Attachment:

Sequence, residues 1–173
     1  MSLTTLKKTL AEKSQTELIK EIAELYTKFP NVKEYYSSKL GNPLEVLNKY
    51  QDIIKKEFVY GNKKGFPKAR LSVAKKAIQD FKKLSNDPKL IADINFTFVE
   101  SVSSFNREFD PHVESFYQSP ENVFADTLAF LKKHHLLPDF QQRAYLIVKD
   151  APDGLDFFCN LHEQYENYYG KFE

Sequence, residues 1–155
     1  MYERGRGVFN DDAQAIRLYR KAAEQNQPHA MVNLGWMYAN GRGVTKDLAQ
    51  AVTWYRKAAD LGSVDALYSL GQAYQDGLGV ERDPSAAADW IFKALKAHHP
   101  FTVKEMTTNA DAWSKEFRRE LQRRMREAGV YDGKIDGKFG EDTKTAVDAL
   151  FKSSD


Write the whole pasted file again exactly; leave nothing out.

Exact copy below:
Sequence, residues 1–173
     1  MSLTTLKKTL AEKSQTELIK EIAELYTKFP NVKEYYSSKL GNPLEVLNKY
    51  QDIIKKEFVY GNKKGFPKAR LSVAKKAIQD FKKLSNDPKL IADINFTFVE
   101  SVSSFNREFD PHVESFYQSP ENVFADTLAF LKKHHLLPDF QQRAYLIVKD
   151  APDGLDFFCN LHEQYENYYG KFE

Sequence, residues 1–155
     1  MYERGRGVFN DDAQAIRLYR KAAEQNQPHA MVNLGWMYAN GRGVTKDLAQ
    51  AVTWYRKAAD LGSVDALYSL GQAYQDGLGV ERDPSAAADW IFKALKAHHP
   101  FTVKEMTTNA DAWSKEFRRE LQRRMREAGV YDGKIDGKFG EDTKTAVDAL
   151  FKSSD